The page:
Tag Archives: parenting

How to Leave a Legacy of Fitness for Your Children

Today is my youngest son’s last day of sixth grade. One of the things on my mind (and the minds of many parents) is how to keep him active and engaged during the summer ahead. Perfect timing for guest blogger Heidi Kleine’s post on leaving a legacy of fitness for your children! 

Parent Kid exercise

As I faced another milestone moment this spring, my oldest daughter graduating from college, I have been reflecting again on legacy. I believe that it is innately human to want to leave a mark on the world. As a parent, when our experiences give us wisdom and insight, we want to share this knowledge to help our children avoid a few bumps in the road. It is challenging to know we can only share so much with our them. Much of what they will know, they have to learn through their own experiences. Four years ago, when this child left for college, I made a major change in my life. For the first time, I made my health my top priority. I am attending this graduation 100 pounds lighter and infinitely stronger physically, mentally and spiritually than I was at her high school graduation four years ago.

In my career as a faith formation professional, we often hear the statement “faith is caught, not taught.” I personally think it’s a little of both, but the idea is our children are more likely to follow in our footsteps than to act on our words. From a fitness perspective, I was diligent in making sure that my daughters were active. Each played a sport or danced. I forked out the money for the activities, schlepped them to and from practices, games and performances; but never allowed my fitness needs to take the same resources. I taught them their needs were more important than mine and sadly set the example that when they become parents, this is how it should be. I believe if you want to pass a legacy of valuing health on to your children, the most important thing you can do is live it with them.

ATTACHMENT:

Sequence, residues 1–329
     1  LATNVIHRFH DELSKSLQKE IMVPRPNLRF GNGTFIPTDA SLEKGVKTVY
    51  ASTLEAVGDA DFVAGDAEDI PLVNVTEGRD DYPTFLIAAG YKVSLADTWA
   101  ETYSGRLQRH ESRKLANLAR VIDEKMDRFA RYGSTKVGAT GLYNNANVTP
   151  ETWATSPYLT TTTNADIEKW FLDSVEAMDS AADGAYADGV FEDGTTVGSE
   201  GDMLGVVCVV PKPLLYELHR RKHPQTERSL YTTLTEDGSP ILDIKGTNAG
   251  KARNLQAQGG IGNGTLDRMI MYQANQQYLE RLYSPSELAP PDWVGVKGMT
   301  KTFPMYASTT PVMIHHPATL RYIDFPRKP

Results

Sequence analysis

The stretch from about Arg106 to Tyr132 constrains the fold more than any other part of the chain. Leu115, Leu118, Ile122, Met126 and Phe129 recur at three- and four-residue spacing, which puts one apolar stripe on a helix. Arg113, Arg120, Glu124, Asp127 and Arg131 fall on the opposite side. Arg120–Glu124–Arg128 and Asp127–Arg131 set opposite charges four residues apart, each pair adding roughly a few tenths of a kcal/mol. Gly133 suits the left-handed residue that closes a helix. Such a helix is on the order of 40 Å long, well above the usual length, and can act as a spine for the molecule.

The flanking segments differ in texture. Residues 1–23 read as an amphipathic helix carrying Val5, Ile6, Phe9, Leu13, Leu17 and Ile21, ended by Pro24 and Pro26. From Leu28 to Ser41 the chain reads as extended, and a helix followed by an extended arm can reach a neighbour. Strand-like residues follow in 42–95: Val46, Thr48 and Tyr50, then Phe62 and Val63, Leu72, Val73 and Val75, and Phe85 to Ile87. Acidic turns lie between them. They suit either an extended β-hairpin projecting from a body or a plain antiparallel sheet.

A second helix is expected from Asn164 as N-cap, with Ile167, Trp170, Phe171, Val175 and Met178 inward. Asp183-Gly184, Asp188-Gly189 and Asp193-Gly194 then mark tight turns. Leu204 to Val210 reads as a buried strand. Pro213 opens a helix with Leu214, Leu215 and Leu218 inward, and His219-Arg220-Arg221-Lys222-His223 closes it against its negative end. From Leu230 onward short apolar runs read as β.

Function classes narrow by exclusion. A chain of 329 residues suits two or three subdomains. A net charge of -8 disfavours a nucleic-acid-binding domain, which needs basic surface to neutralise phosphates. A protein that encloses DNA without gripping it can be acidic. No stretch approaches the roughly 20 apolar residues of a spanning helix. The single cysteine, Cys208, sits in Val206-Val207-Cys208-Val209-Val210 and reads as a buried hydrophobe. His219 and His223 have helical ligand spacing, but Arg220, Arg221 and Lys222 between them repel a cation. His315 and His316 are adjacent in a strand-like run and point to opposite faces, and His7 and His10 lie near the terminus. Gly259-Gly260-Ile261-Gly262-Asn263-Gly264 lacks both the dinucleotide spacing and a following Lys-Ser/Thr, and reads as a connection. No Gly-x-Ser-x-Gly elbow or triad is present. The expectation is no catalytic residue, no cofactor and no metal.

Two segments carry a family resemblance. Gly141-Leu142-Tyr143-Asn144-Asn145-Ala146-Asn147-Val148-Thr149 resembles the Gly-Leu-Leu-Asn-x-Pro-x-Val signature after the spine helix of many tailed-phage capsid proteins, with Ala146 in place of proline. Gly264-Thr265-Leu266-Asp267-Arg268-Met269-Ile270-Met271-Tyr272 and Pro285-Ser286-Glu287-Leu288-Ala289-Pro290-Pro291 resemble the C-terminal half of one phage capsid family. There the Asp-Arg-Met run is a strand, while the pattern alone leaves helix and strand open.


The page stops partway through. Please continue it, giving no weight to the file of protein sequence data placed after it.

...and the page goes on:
First, make you own needs a priority and be open about it. Carve out the time that you will spend on your own fitness and make it non-negotiable. Whether that means getting up earlier in the morning, enlisting the help of your spouse or friends or just changing up your day, get a little movement into your daily schedule and model the expectation for your children.

Second, participate with your children as much as possible. Try to find activities for them that have a place for you. Can you be a coach or helper? Are there active family activities that you would all enjoy? I remember my daughter calling me “the cool mom” at a trampoline venue because I was willing to get involved and jump with her and her friends. Whenever possible, join in. Challenge your children to participate in active events with you. Is there a 5K or longer run or walk that you can do together? If you find a fundraising walk for a charity that shares your families interests or values, you get the double benefit of a healthy activity and modeling service as well.

Third, clean up your family’s diet. Regardless of whether you or anyone in your family needs to lose weight, take some time to look at the foods you are eating. Is your family getting the daily recommended servings of fruits and vegetables? How much sugar and processed food are making their way into your children? Where can you start making the little changes that will make a long term difference? Educate yourself about the quality of your food and decide where can you start making the little changes that will make a long term difference?